Categorical Features Transformation

One-Hot Encoding is a common way to transform categorical features into a form that can be understood by machine learning algorithms. It involves changing each category value into a new column and assigning a 1 or 0 (True/False) value to the column. Here, 'True' represents the presence of the feature, and 'False' states its absence. Let's try it:

Python
1# Transform the categorical features with One-Hot Encoding 2titanic_df = pd.get_dummies(titanic_df, columns=['sex', 'embarked']) 3 4print('After one-hot encoding of categorical features:\n', titanic_df.head())

The output will be:

Markdown
1After one-hot encoding of categorical features: 2 survived pclass age sibsp parch fare class who adult_male deck embark_town alive alone sex_female sex_male embarked_C embarked_Q embarked_S 30 0 3 0.271174 1 0 0.014151 Third man True NaN Southampton no False False True False False True 41 1 1 0.472229 1 0 0.139136 First woman False C Cherbourg yes False True False True False False 52 1 3 0.321438 0 0 0.015469 Third woman False NaN Southampton yes True True False False False True 63 1 1 0.434531 1 0 0.103644 First woman False C Southampton yes False True False False False True 74 0 3 0.434531 0 0 0.015713 Third man True NaN Southampton no True False True False False True

Notice how our dataset has 5 new columns now: sex_female, sex_male, embarked_C, embarked_Q, embarked_S. Instead of the sex columns with values M and F, a male passenger now has a sex_male column that is set to True and a sex_female set to False. Note that instead of True/False values, you could also create 1/0 values with the following syntax: sex_dummies = pd.get_dummies(titanic_df['sex'], dtype=int).

Combining Processed Features

Now that we've preprocessed our data, we can bring our transformed features together. This step combines our transformed Numerical and Categorical features into the same DataFrame. For our current example, we conducted transformations subsequently, and therefore, the transformed features are in the same DataFrame titanic_df. But if you perform transformations separately, you can use the pandas pd.concat function to merge your data.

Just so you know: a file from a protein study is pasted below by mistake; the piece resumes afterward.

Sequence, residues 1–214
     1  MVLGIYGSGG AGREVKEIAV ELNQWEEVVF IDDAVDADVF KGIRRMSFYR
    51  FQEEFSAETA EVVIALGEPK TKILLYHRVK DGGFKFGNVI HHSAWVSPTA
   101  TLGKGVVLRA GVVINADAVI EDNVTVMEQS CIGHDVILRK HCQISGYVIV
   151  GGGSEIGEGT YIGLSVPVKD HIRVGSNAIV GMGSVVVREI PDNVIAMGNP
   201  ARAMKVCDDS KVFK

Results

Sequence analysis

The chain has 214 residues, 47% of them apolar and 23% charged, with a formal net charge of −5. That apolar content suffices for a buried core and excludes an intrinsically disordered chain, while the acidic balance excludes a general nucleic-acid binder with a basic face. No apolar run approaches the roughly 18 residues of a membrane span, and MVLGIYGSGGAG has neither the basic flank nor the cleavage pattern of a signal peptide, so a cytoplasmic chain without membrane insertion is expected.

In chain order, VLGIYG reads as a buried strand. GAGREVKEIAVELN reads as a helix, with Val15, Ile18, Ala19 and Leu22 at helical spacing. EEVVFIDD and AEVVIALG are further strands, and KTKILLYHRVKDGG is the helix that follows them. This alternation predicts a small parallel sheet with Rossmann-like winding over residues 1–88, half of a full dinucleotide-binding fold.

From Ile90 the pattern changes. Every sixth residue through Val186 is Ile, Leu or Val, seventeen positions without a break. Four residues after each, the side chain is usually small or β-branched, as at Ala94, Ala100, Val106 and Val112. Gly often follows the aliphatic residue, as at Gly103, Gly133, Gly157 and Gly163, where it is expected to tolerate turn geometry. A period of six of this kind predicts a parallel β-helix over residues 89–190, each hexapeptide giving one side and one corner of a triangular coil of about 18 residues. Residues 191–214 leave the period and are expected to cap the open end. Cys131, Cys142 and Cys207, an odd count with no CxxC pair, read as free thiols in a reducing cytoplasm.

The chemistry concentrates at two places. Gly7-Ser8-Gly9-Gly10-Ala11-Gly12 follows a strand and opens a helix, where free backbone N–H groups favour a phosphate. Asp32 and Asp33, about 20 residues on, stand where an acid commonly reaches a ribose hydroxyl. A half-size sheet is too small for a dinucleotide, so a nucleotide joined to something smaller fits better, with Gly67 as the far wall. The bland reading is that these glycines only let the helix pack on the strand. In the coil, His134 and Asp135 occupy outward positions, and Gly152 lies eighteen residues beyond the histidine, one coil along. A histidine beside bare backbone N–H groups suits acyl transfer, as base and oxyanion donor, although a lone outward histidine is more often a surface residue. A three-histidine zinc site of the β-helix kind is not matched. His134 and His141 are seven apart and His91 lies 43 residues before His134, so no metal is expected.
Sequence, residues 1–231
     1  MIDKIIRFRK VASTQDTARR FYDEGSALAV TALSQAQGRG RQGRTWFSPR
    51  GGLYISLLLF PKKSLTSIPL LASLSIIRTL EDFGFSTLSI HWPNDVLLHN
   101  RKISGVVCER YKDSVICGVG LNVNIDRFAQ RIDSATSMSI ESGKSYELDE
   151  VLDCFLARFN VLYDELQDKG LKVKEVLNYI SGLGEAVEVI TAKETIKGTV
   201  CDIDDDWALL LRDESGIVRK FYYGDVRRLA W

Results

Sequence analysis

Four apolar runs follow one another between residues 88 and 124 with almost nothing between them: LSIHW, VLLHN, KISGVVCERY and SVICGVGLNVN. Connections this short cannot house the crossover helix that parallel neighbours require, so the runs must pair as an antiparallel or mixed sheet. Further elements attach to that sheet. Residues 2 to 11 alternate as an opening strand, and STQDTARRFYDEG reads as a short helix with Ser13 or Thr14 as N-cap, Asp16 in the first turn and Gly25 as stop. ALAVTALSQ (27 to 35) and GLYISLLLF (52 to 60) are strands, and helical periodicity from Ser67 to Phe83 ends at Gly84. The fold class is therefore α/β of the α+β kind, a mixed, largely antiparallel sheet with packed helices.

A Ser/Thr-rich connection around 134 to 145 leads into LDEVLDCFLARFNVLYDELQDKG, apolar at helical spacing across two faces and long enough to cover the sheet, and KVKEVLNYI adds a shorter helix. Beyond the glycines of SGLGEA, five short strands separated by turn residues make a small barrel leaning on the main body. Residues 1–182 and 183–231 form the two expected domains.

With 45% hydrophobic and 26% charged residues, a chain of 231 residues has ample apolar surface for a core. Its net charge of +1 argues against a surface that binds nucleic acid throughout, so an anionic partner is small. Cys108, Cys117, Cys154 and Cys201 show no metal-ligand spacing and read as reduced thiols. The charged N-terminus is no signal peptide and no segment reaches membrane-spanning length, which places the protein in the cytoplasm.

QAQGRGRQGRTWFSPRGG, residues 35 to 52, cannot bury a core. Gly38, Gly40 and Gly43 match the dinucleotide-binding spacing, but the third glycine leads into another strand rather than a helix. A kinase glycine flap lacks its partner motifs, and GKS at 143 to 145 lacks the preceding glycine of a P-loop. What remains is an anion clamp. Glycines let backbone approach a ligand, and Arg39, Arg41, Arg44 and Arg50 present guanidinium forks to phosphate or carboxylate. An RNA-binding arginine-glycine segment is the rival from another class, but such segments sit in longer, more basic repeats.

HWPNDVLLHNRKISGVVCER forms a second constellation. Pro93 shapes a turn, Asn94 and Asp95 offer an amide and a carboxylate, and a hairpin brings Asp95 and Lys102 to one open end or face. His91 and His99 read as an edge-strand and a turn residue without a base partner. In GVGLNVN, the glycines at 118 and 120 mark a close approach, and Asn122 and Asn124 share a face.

Insights from Data Transformation

Finally, let's look at what we've achieved with our data transformations. Such transformations, when chosen and utilized wisely, can dramatically improve the performance of machine learning models. Numerical scaling or normalization might improve performance for linear models, while One-Hot encoding can greatly cater to models that struggle with categorical variables. But the trick here is to understand your model's assumptions and the nature of your data to choose the right transformations.

Lesson Summary and Practice

Congratulations! You've navigated the path of transforming the Titanic Dataset passenger features. You acquired knowledge about crucial data transformations, applied it to the Titanic passenger features, and appreciated the impact of these transformations on machine learning performance. These skills are essential in data analytics, and the more you practice, the better you'll get at choosing and applying the right transformations. Stay tuned for some exciting practice exercises that will solidify this knowledge and prepare you for future data analysis endeavors. Happy learning!